25. A lumbar system according to claim 1 wherein said bowed arc wires of the lumbar subassemblies are constrained through a sleeve located at the inner end of a side anchor, attached at the opposite end to the frame side and leaning on the back cover, allowing one or both ends of the bowed arc wires to move along a direction representing a cord of the arc wire, or a parallel to a cord of the arc wire, where the direction of the cord represents a hinge around which each bowed arc wire can pivot; increasing the distance between the pivoting axis and the midpoint of the bowed arc wire, the sleeves are forced forward and to the side, due to the anchors on the frame sides, stretching the back cover material by increasing the perimeter of the back cover between the frame sides and pushing it against the occupant, with variable pressure, proportional to the movement of the end or ends of the bowed arc wires.

26. A lumbar system according to claim 1 wherein said connecting subassembly to the back cover of the seat—represented by sleeves or loops that are part of the back cover edges or attached to the back cover which is not anchored to the sides of the seat frame but is following the side slopes of the foam back pad shape, stretches the back cover area between the connection points of the middle of the bowed arc wires restrained by the loops or sleeves on the side slope areas of the pad and, due to the synchronized forward movement of the center anchored bowed arc wires, pushes the back cover around the foam back pad and the occupant at the lumbar region, generating the lumbar effect.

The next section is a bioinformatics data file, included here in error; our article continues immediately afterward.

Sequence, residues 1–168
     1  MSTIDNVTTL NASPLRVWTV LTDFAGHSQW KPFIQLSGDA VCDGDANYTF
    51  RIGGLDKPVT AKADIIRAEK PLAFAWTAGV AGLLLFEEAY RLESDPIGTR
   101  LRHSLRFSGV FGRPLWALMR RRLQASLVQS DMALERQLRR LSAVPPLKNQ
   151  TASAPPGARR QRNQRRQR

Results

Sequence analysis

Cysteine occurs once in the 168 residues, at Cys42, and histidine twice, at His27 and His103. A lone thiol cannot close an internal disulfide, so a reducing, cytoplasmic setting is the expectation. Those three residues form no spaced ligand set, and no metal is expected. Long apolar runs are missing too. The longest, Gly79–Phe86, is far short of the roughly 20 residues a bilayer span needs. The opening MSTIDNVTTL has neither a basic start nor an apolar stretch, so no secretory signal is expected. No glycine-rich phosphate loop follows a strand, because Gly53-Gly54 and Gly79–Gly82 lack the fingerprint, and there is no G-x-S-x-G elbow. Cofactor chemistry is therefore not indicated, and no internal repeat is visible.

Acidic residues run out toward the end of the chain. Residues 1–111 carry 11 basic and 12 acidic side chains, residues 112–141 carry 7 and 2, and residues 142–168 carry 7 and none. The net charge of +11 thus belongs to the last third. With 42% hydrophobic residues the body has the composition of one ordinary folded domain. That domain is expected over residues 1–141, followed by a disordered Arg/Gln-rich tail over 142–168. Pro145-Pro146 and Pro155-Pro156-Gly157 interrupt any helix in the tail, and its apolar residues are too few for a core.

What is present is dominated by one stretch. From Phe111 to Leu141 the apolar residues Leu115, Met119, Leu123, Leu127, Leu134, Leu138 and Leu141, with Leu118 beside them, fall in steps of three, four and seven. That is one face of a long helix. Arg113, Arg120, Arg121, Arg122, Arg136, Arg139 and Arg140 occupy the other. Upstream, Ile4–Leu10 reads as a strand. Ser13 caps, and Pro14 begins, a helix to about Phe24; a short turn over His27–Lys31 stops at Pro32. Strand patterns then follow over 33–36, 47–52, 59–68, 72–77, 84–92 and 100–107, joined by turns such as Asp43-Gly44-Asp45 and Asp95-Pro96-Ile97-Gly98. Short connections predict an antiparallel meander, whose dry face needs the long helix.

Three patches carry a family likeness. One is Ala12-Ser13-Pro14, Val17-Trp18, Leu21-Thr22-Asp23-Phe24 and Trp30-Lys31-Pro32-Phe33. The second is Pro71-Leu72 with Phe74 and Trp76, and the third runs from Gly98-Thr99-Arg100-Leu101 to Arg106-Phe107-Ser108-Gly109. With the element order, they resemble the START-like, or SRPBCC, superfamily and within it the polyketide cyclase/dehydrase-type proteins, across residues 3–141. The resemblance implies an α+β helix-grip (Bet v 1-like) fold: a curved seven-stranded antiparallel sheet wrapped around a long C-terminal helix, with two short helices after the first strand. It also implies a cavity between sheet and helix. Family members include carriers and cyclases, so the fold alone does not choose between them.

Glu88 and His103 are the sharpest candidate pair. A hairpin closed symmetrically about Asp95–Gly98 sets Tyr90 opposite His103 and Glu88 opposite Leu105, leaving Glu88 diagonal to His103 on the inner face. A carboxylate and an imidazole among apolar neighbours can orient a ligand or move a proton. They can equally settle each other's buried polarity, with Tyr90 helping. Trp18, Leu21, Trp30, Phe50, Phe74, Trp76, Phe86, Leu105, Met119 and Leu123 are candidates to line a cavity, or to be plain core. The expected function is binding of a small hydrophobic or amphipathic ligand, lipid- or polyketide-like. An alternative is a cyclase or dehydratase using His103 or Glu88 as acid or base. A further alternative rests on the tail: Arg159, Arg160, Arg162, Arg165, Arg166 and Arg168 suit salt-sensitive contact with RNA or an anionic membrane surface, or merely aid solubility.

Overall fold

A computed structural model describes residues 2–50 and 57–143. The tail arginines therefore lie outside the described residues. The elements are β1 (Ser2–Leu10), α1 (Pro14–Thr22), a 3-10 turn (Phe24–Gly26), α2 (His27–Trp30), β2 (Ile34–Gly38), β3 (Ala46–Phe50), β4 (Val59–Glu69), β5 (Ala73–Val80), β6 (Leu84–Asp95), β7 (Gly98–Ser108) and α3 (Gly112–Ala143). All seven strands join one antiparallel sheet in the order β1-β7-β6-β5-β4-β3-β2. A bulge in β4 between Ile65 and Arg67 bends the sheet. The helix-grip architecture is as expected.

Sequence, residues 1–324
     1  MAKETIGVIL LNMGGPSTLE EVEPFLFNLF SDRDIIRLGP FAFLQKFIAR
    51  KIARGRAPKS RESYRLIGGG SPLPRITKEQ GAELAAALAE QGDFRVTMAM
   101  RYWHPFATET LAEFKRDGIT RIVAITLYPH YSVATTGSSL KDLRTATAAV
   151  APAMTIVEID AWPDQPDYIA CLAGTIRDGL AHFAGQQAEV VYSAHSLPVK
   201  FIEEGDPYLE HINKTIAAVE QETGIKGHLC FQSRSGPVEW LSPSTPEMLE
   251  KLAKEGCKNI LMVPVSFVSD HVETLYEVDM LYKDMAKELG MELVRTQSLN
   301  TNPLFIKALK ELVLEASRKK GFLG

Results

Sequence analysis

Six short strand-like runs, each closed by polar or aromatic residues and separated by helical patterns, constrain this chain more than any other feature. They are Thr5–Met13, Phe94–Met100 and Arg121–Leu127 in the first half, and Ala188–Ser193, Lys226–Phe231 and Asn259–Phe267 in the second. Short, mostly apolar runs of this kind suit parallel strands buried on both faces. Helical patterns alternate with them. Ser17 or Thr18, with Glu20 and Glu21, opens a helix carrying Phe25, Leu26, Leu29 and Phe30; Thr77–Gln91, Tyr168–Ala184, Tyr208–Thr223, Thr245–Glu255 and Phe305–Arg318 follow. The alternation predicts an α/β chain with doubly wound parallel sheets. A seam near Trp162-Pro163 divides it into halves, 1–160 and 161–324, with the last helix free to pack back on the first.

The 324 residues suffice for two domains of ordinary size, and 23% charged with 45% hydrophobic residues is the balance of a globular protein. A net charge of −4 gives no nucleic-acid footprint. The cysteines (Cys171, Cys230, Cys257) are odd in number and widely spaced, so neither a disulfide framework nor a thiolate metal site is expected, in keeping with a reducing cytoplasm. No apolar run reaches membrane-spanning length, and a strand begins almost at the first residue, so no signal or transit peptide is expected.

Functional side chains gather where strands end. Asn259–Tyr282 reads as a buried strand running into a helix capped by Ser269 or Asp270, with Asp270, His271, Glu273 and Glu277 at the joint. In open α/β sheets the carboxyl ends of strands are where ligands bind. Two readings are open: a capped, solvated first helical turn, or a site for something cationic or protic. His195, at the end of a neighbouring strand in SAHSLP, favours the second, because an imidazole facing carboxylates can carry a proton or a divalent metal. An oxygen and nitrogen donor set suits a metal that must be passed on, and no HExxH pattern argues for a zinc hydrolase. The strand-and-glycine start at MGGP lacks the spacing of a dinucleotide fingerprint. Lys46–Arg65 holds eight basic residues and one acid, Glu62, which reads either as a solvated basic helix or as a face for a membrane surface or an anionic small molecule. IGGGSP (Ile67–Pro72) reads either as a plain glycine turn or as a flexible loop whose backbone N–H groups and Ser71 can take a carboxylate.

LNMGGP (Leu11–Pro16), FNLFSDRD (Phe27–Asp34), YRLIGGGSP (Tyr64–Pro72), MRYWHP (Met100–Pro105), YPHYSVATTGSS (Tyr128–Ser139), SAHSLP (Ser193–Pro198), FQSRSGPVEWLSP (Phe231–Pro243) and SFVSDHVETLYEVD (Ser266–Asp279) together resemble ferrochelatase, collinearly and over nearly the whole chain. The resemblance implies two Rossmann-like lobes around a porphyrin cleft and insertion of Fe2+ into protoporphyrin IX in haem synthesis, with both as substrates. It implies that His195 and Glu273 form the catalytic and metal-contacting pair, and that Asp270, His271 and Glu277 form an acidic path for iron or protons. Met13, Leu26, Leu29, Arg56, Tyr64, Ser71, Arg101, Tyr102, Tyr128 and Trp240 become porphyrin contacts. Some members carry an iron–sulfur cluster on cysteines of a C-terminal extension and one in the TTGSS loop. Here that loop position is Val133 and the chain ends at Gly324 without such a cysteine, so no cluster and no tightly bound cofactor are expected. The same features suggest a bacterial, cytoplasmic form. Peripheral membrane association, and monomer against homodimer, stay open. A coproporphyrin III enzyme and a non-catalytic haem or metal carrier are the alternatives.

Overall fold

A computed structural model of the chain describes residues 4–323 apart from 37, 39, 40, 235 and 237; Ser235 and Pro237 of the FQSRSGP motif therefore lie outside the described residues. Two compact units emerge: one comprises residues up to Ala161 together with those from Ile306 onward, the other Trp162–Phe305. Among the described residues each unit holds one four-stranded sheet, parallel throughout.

27. A lumbar system, integrated with a massage system or mounted independently into a seat, comprising: a distinctive lumbar subassembly unit with a pivoting pallet on each side of the seat an actuator unit providing power for the movement of the lumbar subassemblies a back lumbar support

28. A lumbar system according to claim 27 wherein said lumbar subassembly has a lateral pivoting palette, the one side of which has a hinge located on the adjacent side frame, and the other side of which is anchored to an elastic, semi-elastic or flexible but non-elastic center-back lumbar support on each side, respectively; a traction cable, mounted through a hole or a slot provided in the front area of the side frame, is coupled to the palette between the hinge and the anchor with the center-back support and has one end of the conduit of the Bowden cable connected to the front of frame, while the other end is mounted to an actuator; the traction cable stretches the center-back lumbar support between the anchors of the two palettes, straightens the contour of the back lumbar support due to the synchronized forces of the traction cables on each side, and pushes the lumbar back support forward against the foam back pad and the occupant lumbar area, generating the lumbar effect.

29. A lumbar system according to claim 27 wherein said back lumbar support is a flex-mat, a wire meshed assembly, a felt type material, a flexible molded component, a canvas type material or a composite type material, and the anchor with the side palettes is represented by shaped hooks or extruded plastic hook straps, zippers, loops, sleeves, molded components, these being connected by shape, or with bolts, rivets, thread, shaped or straight wires or rings, etc.